Have you ever thought: here I am in Moscow and maybe I could read some of that Russian literature I hear so much about?

The IWC Russian literature and lunch group has thrived for more than 20 years. The secret: we help each other discover great works, and we also have lunch. The joy of an international group is that we share our very different experience and perspectives as we explore Dostoevsky, Tolstoy, but also the challenges of Soviet Era and contemporary writing.

We had several new joiners last autumn, and have made some changes reflecting our busier lifestyles. We now read one book a month instead of two, and we meet twice a month, on the first and third Tuesdays, 1230-1500.

The first Tuesday is a visit, to give some background to the book. For instance, in January, wediscussed One Day in the Life of Ivan Denisovich, so we visited Solzhenitsyn’s house museum and his grave at the Donskoi Monastery.

The third Tuesday is when we discuss thebook and have lunch.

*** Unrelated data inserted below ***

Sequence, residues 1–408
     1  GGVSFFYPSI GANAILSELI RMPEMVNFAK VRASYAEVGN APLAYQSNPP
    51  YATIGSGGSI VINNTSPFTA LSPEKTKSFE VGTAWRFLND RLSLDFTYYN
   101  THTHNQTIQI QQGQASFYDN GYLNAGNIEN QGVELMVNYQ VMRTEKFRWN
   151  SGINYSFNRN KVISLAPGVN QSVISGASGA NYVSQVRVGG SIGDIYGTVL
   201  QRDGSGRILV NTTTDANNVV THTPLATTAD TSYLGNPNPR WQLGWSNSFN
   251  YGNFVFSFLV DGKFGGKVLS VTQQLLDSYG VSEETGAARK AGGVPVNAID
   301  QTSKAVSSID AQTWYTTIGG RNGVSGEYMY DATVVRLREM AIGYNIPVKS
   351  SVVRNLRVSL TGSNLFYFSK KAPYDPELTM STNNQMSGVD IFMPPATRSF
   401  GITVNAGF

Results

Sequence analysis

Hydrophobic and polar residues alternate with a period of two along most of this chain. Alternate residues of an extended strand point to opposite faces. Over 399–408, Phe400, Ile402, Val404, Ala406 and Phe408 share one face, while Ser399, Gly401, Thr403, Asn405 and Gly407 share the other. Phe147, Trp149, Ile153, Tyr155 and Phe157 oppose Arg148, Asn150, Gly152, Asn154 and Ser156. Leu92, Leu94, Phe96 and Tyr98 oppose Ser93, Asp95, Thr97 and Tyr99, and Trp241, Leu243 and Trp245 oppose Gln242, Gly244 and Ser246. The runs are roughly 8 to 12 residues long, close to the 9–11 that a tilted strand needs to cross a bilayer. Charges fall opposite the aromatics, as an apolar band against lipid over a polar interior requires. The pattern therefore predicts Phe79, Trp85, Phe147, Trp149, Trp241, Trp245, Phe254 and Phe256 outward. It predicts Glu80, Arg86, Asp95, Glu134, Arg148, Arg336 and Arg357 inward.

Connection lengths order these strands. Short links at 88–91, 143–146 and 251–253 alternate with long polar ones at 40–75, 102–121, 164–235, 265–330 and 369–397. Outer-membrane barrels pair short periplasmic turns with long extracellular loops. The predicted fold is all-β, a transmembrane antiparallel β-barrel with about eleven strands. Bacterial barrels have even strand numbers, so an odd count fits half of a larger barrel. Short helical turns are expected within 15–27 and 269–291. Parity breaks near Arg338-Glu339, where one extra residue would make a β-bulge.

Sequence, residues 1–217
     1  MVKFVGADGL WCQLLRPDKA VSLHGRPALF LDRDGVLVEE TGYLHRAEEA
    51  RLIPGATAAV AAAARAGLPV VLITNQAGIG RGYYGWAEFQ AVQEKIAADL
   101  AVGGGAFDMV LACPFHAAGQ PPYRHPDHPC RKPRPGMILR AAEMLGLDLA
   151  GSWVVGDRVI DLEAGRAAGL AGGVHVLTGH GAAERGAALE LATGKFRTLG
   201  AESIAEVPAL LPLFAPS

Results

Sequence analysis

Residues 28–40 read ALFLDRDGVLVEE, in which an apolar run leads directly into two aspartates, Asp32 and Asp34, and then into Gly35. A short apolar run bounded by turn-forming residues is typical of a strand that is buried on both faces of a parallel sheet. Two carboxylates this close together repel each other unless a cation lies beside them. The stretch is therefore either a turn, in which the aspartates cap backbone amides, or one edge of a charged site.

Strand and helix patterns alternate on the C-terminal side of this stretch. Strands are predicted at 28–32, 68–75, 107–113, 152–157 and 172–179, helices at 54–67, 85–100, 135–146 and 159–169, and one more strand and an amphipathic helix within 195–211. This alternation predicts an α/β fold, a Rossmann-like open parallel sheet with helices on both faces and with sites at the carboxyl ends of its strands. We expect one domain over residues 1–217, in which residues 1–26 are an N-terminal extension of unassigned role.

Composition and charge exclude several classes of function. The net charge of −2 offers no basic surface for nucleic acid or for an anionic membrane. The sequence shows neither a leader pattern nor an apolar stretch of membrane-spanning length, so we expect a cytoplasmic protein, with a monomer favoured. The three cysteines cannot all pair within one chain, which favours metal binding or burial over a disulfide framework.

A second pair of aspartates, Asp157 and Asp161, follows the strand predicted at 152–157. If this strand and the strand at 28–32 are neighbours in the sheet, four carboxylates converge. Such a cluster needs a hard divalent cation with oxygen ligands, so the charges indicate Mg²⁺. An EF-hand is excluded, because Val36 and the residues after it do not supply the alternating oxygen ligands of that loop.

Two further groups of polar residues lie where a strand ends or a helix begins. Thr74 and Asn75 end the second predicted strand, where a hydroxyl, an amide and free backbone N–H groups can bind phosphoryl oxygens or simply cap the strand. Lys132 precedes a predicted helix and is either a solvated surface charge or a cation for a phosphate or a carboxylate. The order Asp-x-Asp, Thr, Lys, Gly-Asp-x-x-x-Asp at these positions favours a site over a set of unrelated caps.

Where possible, we take it in turnsto host.
Lunch is simple soup, salad, and dessert. The aim is that the host isnot slaving over a hot stove, andcan join in the discussion.

In 2021 we invited two authors to lunch. Guzel Yakhina, whose book “Zuleikha opens her eyes” caused a lot of debate when it was serialised on Russian TV. Also Natalia
Semenova, whose “ story of a family and a lost collection”, describes the lives of the wealthy merchants in the early part of the twentieth century, and is essential reading for the Morozov exhibition currently at the Louis Vuitton museum in Paris.
If you would like to try us, please contact me and join us for lunch. Our book list for the rest of the IWC year is here:

Solzhenitsyn- One Day in the Life of Ivan Denisovich (January)
Turgeniev- Virgin Soil
Kurkov- Penguin Lost
Alexievich- The Unwomanly Face of War
Teffi- Rasputin and other ironies
Trifonov- The House on the Embankment
Tolstoy-The Death of Ivan Ilyich

Jane O’Hara

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